MARYSVILLE, Wash. — The Marysville School District is in a budget crisis. While the year isn’t over yet, the district told KIRO 7 they’re facing a $17 million shortfall, even borrowing from their Capital Fund to make payroll for November and December.
In a statement, the district said:
Looking ahead to the coming school year, the District may have to consider multiple options, including closing schools and school-based programs, eliminating all sports, and closing the MPHS pool.
Parents said they’re worried about the impact these potential cuts will have on their children.
“I’m frustrated that the cuts aren’t coming from the top,” said Jessica.
Parent Jalleh Hooman said class sizes are a huge concern if schools are closed.
“When we’re talking increasing class sizes to 35 to 40 students, I think any parent should be concerned about the quality of their student’s education,” she said.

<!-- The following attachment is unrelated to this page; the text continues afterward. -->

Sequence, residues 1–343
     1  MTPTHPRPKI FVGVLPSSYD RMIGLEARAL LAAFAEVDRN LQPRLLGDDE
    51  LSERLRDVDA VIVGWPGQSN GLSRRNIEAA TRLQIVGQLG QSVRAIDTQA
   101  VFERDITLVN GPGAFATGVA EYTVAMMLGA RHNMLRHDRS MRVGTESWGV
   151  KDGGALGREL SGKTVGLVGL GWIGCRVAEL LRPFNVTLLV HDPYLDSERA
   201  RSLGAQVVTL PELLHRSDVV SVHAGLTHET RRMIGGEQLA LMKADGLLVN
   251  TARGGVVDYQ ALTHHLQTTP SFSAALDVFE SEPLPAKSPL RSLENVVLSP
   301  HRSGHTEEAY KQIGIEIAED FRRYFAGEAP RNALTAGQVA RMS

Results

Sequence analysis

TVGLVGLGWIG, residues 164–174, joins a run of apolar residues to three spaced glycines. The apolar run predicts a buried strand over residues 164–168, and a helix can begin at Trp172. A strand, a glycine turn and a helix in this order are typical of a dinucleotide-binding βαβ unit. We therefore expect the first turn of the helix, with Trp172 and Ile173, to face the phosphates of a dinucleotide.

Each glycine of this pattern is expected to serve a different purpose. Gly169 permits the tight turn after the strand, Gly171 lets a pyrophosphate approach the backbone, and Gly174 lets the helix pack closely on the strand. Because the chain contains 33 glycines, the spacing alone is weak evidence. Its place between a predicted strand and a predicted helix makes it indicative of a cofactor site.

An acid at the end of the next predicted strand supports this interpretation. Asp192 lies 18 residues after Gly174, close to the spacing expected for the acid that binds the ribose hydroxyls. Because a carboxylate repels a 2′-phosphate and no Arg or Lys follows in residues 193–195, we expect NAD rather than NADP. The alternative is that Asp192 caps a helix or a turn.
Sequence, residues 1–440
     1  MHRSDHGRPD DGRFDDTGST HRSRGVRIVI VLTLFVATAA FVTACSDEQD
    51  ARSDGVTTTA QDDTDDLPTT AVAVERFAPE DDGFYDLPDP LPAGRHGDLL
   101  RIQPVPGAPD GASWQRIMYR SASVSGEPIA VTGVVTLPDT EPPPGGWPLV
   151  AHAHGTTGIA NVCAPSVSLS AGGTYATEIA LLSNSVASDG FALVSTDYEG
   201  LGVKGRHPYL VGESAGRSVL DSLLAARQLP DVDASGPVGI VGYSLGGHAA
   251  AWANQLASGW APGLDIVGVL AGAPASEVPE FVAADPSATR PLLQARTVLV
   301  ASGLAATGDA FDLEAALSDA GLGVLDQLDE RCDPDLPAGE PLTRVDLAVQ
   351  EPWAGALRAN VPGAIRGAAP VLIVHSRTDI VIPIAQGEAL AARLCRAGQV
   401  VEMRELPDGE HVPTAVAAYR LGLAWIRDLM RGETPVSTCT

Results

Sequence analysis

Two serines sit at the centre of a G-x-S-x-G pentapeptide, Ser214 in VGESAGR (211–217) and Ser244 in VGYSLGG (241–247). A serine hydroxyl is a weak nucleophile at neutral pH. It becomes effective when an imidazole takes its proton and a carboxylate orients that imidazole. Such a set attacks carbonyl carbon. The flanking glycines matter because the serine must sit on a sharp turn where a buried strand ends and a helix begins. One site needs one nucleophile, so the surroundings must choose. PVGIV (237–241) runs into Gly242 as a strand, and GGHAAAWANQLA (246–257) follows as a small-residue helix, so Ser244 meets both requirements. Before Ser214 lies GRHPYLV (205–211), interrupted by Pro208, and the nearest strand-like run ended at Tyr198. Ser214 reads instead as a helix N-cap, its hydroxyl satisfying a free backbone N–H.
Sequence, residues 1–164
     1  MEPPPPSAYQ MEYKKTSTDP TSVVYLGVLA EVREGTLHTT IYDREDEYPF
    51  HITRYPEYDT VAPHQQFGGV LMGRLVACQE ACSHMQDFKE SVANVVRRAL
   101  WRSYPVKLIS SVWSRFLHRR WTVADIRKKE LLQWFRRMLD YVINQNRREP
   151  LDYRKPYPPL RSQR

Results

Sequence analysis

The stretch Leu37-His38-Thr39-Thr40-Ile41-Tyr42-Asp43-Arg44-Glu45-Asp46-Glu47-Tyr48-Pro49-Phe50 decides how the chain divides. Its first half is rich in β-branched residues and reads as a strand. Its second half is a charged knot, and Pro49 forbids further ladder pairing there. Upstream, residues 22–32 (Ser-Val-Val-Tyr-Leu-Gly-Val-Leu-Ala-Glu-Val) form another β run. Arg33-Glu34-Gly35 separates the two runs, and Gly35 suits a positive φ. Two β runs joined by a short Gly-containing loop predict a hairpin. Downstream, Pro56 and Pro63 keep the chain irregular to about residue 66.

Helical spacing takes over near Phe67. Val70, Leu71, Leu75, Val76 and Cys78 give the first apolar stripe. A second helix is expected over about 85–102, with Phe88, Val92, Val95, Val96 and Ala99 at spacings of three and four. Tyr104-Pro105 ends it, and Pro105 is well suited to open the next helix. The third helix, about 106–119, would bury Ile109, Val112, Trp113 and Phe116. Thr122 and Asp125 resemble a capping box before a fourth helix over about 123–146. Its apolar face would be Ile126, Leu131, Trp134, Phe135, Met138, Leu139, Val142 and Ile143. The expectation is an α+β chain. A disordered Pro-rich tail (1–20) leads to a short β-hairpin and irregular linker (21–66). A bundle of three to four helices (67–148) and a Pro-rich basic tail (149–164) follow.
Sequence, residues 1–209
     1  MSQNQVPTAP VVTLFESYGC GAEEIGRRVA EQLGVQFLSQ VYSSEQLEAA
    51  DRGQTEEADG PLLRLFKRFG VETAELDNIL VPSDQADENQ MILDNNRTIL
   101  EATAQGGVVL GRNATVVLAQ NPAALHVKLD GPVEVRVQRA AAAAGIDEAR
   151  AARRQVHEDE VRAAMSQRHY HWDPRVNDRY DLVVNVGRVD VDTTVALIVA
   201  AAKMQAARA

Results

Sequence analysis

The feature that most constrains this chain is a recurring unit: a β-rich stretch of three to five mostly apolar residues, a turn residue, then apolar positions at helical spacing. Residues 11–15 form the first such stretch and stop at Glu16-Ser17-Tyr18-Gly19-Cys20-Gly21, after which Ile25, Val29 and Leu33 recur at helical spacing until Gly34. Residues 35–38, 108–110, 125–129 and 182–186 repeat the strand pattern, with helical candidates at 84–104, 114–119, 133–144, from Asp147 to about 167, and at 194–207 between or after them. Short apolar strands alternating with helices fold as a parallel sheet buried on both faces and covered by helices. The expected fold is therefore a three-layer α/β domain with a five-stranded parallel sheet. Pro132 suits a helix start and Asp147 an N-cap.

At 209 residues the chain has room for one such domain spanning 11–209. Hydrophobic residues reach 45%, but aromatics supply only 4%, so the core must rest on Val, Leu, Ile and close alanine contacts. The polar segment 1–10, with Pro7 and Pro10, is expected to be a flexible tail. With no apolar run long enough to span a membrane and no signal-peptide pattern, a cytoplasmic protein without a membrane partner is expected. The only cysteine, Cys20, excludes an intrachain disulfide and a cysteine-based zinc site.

Teachers are concerned about their education as well.
“Some of the budget cut possibilities that they’ve floated are pretty extreme,” said Becky Roberts with the Marysville Education Association.
She pointed out that staff already faced cuts over the summer.
“All of a sudden we need more money, we need more cuts. There’s just not much more to cut,” said Roberts.
Meanwhile, the school said a double levy failure in 2022 is to blame for the shortfall, costing the district $25 million in necessary funds.
The district told KIRO 7 that its plans for loans have fallen through, forcing the district to address the shortfall quickly.
In a statement, the district writes in part:
As you know, school finance is complex and difficult to understand in normal circumstances. We are in unprecedented times and no district our size has ever been in this position in the state.
Parents planned a protest ahead of Tuesday’s meeting. Some brought signs that said “Stop Cutting Closest to Our Kids.”
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